The scientific definition of "species" is surprisingly complicated.
As this November 2017 article from Science News explains:
At first glance, “species” is a basic vocabulary word schoolchildren can ace on a test by reciting something close to: a group of living things that create fertile offspring when mating with each other but not when mating with outsiders. Ask scientists who devote careers to designating those species, however, and there’s no typical answer. Scientists do not agree.
For the sake of this question, though, let's just go with this definition from Berkeley: "a group of individuals that actually or potentially interbreed in nature."
Evolution marches on relentlessly. We homo sapiens – even armed with our technology and collective stored-and-shared wisdom--are not immune to this ceaseless force. At some point, our descendants will be so physically different from us – due to natural selection, human-engineered tinkering or both – that they would be properly classified as a different species. This Scientific American article explores some of the key ideas behind this question.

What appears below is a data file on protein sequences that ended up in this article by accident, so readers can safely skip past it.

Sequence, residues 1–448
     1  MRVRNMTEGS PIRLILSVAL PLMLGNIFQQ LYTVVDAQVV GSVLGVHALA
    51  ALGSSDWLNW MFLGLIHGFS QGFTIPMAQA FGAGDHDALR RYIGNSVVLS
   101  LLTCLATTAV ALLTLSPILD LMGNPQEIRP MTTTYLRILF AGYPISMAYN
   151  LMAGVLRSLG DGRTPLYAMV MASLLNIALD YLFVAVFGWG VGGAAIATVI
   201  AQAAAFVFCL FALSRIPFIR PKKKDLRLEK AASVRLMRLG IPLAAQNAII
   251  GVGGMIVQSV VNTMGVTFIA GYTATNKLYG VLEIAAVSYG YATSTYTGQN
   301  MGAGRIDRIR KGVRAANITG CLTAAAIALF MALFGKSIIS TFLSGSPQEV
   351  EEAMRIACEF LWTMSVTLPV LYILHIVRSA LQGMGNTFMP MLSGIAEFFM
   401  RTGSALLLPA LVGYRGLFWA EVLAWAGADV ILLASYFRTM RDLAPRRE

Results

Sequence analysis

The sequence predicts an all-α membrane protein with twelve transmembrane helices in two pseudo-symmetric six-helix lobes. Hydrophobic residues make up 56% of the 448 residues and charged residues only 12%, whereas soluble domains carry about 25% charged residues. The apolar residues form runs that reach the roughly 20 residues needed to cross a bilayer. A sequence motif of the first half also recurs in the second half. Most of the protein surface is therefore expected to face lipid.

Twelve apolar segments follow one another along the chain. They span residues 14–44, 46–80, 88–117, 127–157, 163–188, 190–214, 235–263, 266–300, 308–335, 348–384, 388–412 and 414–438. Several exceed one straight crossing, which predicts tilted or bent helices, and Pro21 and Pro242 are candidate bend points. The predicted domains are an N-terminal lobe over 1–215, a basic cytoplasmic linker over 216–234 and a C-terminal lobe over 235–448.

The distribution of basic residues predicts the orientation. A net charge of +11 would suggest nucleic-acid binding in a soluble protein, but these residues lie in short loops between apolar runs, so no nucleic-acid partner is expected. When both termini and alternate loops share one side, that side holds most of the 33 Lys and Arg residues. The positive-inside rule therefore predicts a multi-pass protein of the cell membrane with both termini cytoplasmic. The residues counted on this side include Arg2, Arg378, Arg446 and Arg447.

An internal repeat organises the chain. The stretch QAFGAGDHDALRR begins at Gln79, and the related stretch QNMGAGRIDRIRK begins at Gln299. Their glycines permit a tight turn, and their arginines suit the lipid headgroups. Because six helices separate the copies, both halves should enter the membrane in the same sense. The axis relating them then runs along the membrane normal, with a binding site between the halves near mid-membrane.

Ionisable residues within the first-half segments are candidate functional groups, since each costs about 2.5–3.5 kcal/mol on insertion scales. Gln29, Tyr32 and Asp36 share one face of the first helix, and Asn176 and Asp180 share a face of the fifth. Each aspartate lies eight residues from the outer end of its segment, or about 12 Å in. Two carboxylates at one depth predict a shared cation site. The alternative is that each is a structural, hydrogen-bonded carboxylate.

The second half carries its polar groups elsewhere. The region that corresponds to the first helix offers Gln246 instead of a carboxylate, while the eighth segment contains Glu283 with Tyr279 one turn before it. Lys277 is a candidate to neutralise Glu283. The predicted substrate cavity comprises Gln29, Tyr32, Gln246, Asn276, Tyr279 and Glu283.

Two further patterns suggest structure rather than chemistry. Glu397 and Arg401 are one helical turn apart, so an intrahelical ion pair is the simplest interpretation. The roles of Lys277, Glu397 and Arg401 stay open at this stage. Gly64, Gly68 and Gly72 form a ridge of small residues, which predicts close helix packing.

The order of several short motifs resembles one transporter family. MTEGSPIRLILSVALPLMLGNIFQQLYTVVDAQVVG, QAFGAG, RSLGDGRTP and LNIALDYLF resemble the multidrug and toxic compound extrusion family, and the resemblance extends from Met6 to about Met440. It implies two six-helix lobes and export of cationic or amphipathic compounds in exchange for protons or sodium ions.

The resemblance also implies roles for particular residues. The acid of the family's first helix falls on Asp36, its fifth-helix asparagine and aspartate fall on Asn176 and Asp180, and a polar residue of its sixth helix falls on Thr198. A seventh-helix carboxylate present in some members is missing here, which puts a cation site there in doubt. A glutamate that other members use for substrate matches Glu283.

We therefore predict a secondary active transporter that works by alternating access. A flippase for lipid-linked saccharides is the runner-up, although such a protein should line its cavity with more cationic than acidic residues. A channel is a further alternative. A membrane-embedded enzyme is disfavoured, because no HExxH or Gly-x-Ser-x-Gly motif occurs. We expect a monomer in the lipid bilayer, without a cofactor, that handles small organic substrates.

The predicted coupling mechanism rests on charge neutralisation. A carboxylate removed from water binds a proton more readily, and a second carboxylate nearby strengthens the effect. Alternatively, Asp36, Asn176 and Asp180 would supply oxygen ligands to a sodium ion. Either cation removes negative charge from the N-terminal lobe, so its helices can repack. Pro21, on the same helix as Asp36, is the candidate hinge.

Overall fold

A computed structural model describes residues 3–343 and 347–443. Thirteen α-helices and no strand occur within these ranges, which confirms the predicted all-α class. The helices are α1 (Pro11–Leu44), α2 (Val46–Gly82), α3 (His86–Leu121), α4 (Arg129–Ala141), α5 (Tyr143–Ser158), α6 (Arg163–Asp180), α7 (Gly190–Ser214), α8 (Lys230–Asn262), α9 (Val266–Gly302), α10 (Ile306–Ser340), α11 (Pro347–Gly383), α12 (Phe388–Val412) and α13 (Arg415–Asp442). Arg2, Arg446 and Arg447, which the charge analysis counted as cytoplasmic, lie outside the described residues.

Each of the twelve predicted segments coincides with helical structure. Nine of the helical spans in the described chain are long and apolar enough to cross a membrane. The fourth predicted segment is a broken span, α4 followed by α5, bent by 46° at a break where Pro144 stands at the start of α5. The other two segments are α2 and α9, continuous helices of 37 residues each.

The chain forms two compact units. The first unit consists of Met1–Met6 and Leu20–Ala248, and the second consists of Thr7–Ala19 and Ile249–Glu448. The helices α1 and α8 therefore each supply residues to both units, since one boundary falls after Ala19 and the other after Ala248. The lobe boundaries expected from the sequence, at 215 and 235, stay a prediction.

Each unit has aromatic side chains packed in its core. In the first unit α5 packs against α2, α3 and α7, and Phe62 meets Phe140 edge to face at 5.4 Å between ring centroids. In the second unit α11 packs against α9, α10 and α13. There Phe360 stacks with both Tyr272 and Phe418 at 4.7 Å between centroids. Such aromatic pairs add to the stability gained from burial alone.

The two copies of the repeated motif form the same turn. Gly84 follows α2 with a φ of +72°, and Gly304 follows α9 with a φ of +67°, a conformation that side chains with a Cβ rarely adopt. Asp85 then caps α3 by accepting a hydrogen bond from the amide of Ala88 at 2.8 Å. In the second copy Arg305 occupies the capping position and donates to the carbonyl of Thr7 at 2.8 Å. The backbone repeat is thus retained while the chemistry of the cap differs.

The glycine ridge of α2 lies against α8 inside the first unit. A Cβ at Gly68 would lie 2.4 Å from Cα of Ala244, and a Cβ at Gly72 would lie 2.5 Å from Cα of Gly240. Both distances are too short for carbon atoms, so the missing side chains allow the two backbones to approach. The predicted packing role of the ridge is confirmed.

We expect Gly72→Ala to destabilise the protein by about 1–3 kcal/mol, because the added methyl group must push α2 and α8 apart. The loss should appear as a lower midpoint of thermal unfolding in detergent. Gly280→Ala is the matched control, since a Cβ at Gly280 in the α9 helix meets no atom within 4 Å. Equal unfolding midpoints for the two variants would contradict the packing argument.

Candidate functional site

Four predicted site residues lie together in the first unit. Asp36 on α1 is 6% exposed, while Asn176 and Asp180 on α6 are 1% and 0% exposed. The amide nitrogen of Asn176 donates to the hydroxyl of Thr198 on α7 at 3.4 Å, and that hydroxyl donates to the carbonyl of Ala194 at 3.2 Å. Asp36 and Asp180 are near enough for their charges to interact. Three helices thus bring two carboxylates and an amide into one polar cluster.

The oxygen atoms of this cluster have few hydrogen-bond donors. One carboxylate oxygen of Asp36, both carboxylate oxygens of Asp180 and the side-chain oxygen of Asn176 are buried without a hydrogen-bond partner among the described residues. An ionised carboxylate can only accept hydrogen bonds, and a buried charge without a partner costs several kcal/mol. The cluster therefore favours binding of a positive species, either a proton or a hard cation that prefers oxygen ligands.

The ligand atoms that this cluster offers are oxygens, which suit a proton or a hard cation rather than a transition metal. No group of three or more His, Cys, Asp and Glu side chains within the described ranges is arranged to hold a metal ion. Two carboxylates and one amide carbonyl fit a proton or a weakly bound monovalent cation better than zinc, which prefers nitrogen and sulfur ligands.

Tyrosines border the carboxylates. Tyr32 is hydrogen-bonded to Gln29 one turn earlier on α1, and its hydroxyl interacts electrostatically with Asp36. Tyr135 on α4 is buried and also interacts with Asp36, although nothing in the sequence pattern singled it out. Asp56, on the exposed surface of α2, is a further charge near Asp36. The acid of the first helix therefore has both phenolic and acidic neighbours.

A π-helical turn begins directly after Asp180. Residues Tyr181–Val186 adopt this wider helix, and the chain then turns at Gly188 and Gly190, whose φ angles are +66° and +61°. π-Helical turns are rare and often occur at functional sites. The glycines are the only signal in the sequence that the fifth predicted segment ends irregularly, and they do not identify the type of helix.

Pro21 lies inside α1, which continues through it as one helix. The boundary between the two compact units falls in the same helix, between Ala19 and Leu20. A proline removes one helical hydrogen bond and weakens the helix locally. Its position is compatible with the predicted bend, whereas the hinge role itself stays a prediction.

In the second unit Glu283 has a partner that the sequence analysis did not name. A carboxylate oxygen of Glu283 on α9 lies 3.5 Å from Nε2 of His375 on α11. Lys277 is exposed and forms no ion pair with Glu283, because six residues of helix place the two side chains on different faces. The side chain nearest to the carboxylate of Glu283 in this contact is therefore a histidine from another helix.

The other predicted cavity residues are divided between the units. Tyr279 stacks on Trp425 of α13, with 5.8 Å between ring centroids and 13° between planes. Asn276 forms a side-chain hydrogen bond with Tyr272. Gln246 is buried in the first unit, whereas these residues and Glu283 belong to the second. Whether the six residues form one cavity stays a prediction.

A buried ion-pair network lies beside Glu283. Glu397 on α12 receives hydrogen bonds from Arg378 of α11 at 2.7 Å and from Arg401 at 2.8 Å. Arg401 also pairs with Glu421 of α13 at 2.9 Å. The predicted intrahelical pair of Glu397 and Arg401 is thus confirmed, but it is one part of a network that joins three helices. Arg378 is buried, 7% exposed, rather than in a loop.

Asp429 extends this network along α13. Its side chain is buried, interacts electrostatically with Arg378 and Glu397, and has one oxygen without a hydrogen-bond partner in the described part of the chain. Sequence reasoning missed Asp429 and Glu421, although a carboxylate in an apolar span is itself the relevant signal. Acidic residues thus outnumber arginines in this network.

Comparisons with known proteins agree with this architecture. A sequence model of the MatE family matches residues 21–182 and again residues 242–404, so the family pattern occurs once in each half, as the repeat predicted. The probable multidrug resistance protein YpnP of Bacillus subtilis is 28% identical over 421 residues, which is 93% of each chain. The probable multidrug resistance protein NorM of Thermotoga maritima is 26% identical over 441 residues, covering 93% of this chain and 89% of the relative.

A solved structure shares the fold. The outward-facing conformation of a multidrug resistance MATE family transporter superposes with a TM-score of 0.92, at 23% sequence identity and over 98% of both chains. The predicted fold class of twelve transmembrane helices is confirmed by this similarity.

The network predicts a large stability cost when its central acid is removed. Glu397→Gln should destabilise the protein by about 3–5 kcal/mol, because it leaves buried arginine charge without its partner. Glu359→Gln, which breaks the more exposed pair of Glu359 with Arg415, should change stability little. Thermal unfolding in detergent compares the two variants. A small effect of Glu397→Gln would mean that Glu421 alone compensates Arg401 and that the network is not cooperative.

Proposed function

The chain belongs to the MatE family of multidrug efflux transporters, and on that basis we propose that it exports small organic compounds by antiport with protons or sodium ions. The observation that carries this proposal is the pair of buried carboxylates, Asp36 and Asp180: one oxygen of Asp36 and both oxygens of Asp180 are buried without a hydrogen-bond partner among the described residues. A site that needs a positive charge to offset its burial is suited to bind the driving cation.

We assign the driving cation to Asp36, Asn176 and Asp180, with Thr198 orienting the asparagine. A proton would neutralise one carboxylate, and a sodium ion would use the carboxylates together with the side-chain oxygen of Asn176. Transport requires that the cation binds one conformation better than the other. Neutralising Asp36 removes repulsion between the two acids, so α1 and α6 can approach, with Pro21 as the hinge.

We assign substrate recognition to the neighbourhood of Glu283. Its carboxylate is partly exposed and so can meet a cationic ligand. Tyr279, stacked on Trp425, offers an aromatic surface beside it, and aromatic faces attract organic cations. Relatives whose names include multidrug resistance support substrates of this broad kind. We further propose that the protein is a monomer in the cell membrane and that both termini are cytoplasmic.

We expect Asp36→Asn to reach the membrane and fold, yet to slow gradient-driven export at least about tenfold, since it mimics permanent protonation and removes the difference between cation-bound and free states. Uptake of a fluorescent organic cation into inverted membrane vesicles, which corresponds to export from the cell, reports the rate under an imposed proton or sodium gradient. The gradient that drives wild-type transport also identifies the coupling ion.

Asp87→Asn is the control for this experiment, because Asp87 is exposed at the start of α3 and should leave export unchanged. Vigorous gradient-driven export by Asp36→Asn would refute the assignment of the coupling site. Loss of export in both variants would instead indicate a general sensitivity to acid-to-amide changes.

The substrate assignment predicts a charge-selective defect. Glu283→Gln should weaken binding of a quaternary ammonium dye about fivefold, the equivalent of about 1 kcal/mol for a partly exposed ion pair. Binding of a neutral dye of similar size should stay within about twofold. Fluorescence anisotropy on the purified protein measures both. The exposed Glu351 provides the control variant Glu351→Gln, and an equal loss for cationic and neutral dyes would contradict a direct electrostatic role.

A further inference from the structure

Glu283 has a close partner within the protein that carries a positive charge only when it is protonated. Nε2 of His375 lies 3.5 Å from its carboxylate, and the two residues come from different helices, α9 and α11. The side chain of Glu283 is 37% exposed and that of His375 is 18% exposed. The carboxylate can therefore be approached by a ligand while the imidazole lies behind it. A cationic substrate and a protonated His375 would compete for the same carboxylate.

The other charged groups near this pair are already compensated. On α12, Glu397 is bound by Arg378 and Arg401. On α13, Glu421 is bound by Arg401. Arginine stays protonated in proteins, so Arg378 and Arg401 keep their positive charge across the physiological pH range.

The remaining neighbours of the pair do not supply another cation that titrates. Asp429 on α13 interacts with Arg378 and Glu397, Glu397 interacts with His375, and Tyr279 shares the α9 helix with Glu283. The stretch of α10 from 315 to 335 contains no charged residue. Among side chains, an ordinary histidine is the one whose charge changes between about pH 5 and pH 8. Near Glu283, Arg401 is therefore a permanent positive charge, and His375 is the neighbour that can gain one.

And of course, we might well kill ourselves off, replace ourselves with AIs, etc.
How many years from now will the last member of homo sapiens be born?
We'll consider the people the future creatures will succeed or fail to interbreed with as early 21st C humans, and this must be possible without technical intervention. The people must exist IRL, i.e. not be simulated beings, uploads, etc. As usual we contemplate beings in the same universe, branch of the wavefunction, etc., as the server running the copy of Metaculus the question sits on.